The failed promise of Beti Bachao

A.GOKULAPADU/KURNOOL: “When we know that we will be made to [drop out from school and] sit at home, why will we bother to have a goal,” said C. Sashirekha, an 11th standard dropout, when asked about her aim in life.

“I wanted to be a doctor. Biology was my favourite subject,” said S.Muskaan (16), the topper of 2015 batch of Zilla Parishad High School of A. Gokulapadu village, about 15 kms from Kurnool.

Muskaan, like five of her classmates, had dropped out of school after 10th standard. Despite having supportive parents and a score of 7.3 grade points, she had chosen not to enroll for intermediate education in Kurnool.

S.Muskaan, the topper of 2016 batch, dropped out of school after 10th standard

The ZPHS, A.Gokulapadu supports classes upto 10th standard after which the villagers need to travel over 15 km to Kurnool city for higher education. Separated from the main road by a 3 km pucca road, the village has no bus service and relies on two-wheelers and erratic autos for transportation.

“It takes over one and a half hours to commute to and fro from Kurnool. To catch a bus, we need to walk 3 km to the main road. Sometimes we get autos, but that’s unreliable, especially in the evenings,” Muskaan added.

The issues with the long commute were further complicated when, in 2015, two intermediate students and an adult were drowned as they were crossing the narrow stretch of river between the village and the main road.

Sashirekha (18) says that since the incident, the already conservative parents are even more cautious in allowing girls to commute to Kurnool.

“Before this incident, 50 per cent of the girls graduating 10th used to be allowed to study further in Kurnool. Now it has decreased to about 25 per cent,” she said.

She is not wrong.

Of the seven girls who graduated from Gokulapadu’s Zilla Parishad High School in 2015, only two have gone for further studies. Of this, only one girl commutes from the village, while the other moved to the city.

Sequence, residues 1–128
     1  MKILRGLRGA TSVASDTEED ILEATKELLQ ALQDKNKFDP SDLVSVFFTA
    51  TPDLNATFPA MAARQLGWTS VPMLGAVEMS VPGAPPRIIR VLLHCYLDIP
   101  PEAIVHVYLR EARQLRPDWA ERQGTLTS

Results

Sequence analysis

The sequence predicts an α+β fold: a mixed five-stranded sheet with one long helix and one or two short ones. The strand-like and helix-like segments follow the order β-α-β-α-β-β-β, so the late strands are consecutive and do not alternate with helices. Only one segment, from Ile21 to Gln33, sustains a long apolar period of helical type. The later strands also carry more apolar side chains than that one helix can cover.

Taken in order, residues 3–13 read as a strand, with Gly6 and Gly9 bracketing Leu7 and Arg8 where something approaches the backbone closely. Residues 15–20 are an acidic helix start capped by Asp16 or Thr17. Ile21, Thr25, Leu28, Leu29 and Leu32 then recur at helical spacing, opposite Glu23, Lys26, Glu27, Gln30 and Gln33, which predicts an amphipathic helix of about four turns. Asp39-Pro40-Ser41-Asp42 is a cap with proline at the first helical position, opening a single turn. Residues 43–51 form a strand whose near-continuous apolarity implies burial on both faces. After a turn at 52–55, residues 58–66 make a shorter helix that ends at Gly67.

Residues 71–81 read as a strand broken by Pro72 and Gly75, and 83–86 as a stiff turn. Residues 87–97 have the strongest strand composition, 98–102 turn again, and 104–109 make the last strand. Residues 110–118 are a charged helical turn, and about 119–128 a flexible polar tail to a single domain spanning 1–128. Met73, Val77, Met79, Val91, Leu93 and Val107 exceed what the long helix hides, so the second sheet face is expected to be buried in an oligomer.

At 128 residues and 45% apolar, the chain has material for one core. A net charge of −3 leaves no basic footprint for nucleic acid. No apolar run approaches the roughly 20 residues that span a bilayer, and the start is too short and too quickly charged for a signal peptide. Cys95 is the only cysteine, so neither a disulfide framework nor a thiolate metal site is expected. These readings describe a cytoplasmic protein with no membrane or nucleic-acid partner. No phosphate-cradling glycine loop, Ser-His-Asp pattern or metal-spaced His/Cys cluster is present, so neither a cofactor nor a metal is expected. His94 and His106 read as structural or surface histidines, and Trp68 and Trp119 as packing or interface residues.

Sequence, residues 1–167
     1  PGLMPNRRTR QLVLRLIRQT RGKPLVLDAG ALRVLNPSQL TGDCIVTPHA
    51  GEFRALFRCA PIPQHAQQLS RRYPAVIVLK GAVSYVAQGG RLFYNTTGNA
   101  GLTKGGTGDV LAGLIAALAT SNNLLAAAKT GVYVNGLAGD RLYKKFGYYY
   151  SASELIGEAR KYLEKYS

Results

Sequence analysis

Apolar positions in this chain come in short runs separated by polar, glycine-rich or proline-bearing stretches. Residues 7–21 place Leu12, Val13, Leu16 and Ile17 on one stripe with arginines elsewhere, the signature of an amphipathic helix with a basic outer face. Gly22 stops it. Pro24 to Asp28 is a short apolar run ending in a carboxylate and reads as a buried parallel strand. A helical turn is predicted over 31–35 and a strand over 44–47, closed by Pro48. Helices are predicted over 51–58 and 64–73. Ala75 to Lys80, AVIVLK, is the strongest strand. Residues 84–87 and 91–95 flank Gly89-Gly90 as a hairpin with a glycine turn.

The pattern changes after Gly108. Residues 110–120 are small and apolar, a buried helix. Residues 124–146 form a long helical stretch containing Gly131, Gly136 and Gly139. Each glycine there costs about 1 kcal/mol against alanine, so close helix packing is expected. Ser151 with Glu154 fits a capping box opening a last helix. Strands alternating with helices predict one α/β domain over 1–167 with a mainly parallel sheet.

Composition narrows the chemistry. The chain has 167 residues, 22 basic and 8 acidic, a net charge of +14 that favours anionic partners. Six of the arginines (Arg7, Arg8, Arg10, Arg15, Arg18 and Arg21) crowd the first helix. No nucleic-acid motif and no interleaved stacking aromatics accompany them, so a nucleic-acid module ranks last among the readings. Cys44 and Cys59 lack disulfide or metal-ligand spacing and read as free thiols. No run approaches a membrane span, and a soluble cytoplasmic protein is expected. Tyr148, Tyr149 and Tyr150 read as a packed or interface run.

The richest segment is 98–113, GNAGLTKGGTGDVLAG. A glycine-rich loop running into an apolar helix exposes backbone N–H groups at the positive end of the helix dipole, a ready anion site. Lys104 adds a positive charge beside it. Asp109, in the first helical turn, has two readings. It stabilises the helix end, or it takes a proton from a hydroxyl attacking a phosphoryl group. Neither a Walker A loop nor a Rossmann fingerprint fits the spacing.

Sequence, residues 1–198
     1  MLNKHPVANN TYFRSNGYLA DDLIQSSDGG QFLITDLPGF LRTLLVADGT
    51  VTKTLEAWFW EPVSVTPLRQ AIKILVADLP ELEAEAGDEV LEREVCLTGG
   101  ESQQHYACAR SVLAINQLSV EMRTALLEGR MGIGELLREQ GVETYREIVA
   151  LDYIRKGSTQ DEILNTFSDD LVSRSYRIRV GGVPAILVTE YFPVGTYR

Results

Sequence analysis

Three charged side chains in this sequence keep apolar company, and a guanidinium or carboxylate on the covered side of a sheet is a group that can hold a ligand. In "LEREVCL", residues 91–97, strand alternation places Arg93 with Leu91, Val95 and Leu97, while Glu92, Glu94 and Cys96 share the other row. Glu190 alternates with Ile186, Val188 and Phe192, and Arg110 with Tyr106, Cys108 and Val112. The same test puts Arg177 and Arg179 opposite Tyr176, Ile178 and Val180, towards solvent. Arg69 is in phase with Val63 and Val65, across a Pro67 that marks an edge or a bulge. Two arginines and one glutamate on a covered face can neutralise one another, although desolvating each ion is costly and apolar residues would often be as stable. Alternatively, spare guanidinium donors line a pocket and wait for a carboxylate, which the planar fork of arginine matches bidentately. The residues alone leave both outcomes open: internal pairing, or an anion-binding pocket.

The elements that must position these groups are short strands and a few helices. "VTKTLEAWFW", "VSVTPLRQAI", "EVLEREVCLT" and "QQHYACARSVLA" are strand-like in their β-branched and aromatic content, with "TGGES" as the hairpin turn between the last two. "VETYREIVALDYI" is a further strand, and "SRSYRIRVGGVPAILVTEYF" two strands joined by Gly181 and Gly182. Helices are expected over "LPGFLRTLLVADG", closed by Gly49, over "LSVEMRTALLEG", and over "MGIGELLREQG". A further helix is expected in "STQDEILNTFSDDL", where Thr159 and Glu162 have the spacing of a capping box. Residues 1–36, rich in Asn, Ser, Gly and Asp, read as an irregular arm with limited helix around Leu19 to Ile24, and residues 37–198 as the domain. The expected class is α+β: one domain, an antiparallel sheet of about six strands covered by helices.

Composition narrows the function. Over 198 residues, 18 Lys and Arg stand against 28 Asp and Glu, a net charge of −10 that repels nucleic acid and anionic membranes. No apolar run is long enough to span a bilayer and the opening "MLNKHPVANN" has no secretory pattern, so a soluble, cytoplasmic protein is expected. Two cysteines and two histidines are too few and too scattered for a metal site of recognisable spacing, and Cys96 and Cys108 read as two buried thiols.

A district level archery champion and kabbadi player, Muskaan said that she applied for scholarships to secure admission in a residency school in Kurnool, but was unsuccessful.

Muskaan's father (right) says that he wants to educate her, but cannot afford to pay the hefty school and hostel fees.

Her father said that he wanted to educate her, but “the school and hostel fees add up to over Rs.30000. Her mother and I are both daily wages workers. We can’t afford it.”

According to Sarva Shiksha Abhiyan’s Statistics for Andhra Pradesh, in 2013-14 the Class wise girls’ enrollment from 2012-13 for 10th standard is 507868, while that for 11th in 2014-15 is 20212.

Which means that only 1 in 25 girl students study beyond 10th standard.

The reasons for the dropout rates are not confined to lack of facilities. Muskaan’s classmate Habibunisa Begum (16) dropped out of school after 10th standard due to parental pressure. Her father, an RTC driver in Kurnool depot, does not allow his daughters to study beyond 10th.

Her two elder sisters too, despite securing good marks, had stopped studying after 10th.

Now, they study tailoring. The classes were provided under the Support to Training and Employment Programme for Women (STEP) scheme until last year. Now they take private classes costing around Rs. 5000.

Habibunisa’s youngest sister Feroza Begum is in 7th standard now. The family agrees that of all the 4 sisters, she is the brightest.

Will you let Feroza study beyond 10th, I ask?

“No, their father will not allow it,” Dudekkula Kasimbi, Habibunisa’s mother said. “Besides,” she added, “when they [groom] come for marriage, they’ll not ask how much they have studied. They’ll see how proficient they are in Quran and if they know tailoring.”

Created By
Navmi Krishna


Medi Chaitanya and Navmi Krishna

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